Some may cite statistics about how black people are disproportionately affected by confrontations with police. Others might point out the numerous incidents of actual murderers and attempted murderers (who just happened to be white) who were coddled while in police custody. Another person might mention how the all lives matter crowd only seems to raise its head to shout down #BlackLives Matter, but have barely whispered the name Dylan Noble, murdered by Fresno police while on the ground. Still others might point out that not only is intraracial violence common among all racial groups – not only black people – but it differs because once apprehended those perpetrators are prosecuted to the fullest extent of the law (hello disproportionate sentences handed down for black people). But I’m not going to do that. I am not here to “incite dialog.” I’m here to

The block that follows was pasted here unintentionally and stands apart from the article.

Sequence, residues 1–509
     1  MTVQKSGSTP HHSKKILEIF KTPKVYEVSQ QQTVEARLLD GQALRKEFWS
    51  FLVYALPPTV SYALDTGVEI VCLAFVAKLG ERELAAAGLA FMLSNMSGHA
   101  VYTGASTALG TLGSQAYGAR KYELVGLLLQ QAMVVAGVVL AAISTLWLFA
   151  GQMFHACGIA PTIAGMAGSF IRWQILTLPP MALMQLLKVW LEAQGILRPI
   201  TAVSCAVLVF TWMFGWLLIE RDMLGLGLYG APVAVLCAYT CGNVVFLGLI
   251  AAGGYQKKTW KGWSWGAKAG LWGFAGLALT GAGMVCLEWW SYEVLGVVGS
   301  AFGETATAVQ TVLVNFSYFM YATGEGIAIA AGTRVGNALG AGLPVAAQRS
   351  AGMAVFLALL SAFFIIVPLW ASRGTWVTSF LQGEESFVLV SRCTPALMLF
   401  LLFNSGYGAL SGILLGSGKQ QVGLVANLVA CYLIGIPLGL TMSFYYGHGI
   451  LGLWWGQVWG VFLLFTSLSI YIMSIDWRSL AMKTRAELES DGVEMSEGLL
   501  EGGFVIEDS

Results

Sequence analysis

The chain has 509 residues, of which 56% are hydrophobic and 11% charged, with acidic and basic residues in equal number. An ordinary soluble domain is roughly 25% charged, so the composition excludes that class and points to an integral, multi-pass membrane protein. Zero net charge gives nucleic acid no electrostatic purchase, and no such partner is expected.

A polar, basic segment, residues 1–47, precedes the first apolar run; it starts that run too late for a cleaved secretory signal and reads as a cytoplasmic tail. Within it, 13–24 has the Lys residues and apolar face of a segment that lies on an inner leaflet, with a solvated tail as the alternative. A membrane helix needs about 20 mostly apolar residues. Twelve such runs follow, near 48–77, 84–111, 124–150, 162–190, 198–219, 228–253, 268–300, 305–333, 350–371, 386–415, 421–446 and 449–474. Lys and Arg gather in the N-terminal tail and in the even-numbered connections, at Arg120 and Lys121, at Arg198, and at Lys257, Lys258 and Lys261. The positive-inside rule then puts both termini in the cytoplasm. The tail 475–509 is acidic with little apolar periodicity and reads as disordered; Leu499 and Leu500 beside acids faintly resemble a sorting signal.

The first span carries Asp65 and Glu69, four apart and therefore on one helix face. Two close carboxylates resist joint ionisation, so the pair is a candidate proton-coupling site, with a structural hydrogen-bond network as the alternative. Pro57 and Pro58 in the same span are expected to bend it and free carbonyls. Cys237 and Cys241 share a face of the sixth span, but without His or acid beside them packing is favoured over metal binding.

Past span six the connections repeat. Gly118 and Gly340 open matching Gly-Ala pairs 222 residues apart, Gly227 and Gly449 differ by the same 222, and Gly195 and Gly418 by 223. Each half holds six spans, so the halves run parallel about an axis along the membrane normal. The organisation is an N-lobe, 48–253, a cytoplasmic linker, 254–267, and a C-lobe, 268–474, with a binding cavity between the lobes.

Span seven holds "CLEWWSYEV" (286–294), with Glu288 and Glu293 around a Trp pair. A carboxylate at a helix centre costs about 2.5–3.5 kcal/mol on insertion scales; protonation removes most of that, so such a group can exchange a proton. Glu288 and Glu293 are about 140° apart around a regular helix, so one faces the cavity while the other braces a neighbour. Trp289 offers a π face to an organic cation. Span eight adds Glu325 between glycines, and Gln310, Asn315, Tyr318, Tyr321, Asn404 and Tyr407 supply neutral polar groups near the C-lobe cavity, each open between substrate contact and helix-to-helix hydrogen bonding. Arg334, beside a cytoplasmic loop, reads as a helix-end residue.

I want you to be quiet, because now it’s your time to listen and acknowledge that maybe this racism jazz has gotten a little out of control. It’s your time to recognize that there are things that you will never have to face as a white person, and black people don’t need your advice on how to stay alive in confrontations with the police. It’s your time to realize that if you can see this endless stream of black bodies murdered by the people ostensibly sworn to protect them – often for the most arbitrary reasons – and not feel outrage, then you are on the wrong side. The police operate under the same rules as the gangs and mobs they fight against. You don’t speak against the family. You don’t snitch. The Fraternal Order of Police is the largest and most fearsome organized gang in the United States of America.